Quincy Drew and his black friend Jason O'Rourke have pulled off every dodge known for conning a well-heeled sucker, but it wasn't until they hit on the old skin game that they started to ... See full summary »
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Quincy Drew and his black friend Jason O'Rourke have pulled off every dodge known for conning a well-heeled sucker, but it wasn't until they hit on the old skin game that they started to clean up. The game is simple. Jason, though born a free man in New Jersey, poses as Quincy's slave as the pair ride through Missouri and Kansas in 1857. Quincy picks a likely mark in each town, sells Jason to him for top money and rides out of town. Then Quincy and Jason get back together on the road to another town, because if Jason can't just run off after dark, Quincy finds a way to spring him loose. Written by
The 1,500th release in Warner Bros.'s history. See more »
Susan Clark's character explains to Quincy that there is to be a vote whether Kansas will join the Union as a slave state like Missouri or a free state like Nebraska. Nebraska wasn't admitted to the Union until 1867, 6 years after Kansas. See more »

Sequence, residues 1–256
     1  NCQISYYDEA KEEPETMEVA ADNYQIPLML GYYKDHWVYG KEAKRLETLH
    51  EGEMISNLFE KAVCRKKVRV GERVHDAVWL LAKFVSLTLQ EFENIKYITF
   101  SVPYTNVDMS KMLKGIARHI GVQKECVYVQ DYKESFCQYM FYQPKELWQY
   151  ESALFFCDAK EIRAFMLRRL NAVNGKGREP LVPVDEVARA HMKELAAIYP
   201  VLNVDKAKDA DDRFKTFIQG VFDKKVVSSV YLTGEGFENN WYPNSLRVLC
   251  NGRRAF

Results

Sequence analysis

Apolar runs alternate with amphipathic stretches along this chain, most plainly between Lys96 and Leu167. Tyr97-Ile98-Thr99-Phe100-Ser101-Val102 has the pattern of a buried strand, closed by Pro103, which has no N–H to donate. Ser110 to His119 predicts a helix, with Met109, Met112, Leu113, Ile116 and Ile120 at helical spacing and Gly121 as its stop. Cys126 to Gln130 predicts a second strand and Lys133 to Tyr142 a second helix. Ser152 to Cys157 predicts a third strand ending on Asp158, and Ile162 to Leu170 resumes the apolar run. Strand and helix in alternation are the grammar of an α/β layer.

Thank goodness for Encore Westerns. They keep showing films that rarely see the light of day, but ones that, for whatever reason, were either ignored or forgotten. This is one, from the paucity of reviews, that has slipped through the cracks.
Skin Game is slightly, and only one star slightly, less than the sum of its parts. By that I mean..watch this film for the acting (one, in these PC days, can complain about the possible racial slurs). Not one sour note in this cast. We know Garner can act, can do his Maverick/Rockford thing to perfection, but how about Susan Clark? Lost in the silliness of the Webster TV show 80's phenomenon, she shows an amazingly playful sensuality throughout. I don't think I have seen a more erotic scene than between her and Garner, relaxing near a stream after she breaks him out of jail, finding that a con can love a con, with a camera fixed on the close-up the entire time. What a marvel of chemistry that is created (and forms the basis for the rest of the plot). Paul Bogart, that master TV director of nearly 100 All in the Family episodes, finds his angle and just stays there. Well Crafted and on the money.
Throw in well-rounded performances from Lou Gossett and Brenda Sikes (watch THEIR sensuous hayloft scene!), and absolutely solid support from a gang of supporting stars who anchored many a 60/70's movie...Duggan, Jones, Dano, Baer, O'Malley...and Asner is such a hoot as the slave trading merchant. Not sure any white actor could deliver a line with the "n" word in it and not make it sound anything other than business-like!
This film holds up well, and its acting pleasure are numerous. Not to be missed.
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